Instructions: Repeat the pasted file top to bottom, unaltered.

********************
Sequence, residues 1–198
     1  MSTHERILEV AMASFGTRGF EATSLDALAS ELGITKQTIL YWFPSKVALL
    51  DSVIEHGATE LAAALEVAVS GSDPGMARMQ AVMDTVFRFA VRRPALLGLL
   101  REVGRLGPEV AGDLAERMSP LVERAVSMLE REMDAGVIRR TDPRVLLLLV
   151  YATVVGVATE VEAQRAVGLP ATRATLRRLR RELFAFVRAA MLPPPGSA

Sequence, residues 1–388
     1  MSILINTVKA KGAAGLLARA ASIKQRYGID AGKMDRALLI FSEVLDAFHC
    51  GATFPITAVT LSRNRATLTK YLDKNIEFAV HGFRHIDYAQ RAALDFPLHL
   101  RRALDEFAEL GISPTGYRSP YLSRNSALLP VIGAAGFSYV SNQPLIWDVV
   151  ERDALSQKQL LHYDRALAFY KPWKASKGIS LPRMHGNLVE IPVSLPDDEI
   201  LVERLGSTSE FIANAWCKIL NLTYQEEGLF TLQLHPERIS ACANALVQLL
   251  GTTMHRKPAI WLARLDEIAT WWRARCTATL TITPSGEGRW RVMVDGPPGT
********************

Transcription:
Sequence, residues 1–198
     1  MSTHERILEV AMASFGTRGF EATSLDALAS ELGITKQTIL YWFPSKVALL
    51  DSVIEHGATE LAAALEVAVS GSDPGMARMQ AVMDTVFRFA VRRPALLGLL
   101  REVGRLGPEV AGDLAERMSP LVERAVSMLE REMDAGVIRR TDPRVLLLLV
   151  YATVVGVATE VEAQRAVGLP ATRATLRRLR RELFAFVRAA MLPPPGSA

Sequence, residues 1–388
     1  MSILINTVKA KGAAGLLARA ASIKQRYGID AGKMDRALLI FSEVLDAFHC
    51  GATFPITAVT LSRNRATLTK YLDKNIEFAV HGFRHIDYAQ RAALDFPLHL
   101  RRALDEFAEL GISPTGYRSP YLSRNSALLP VIGAAGFSYV SNQPLIWDVV
   151  ERDALSQKQL LHYDRALAFY KPWKASKGIS LPRMHGNLVE IPVSLPDDEI
   201  LVERLGSTSE FIANAWCKIL NLTYQEEGLF TLQLHPERIS ACANALVQLL
   251  GTTMHRKPAI WLARLDEIAT WWRARCTATL TITPSGEGRW RVMVDGPPGT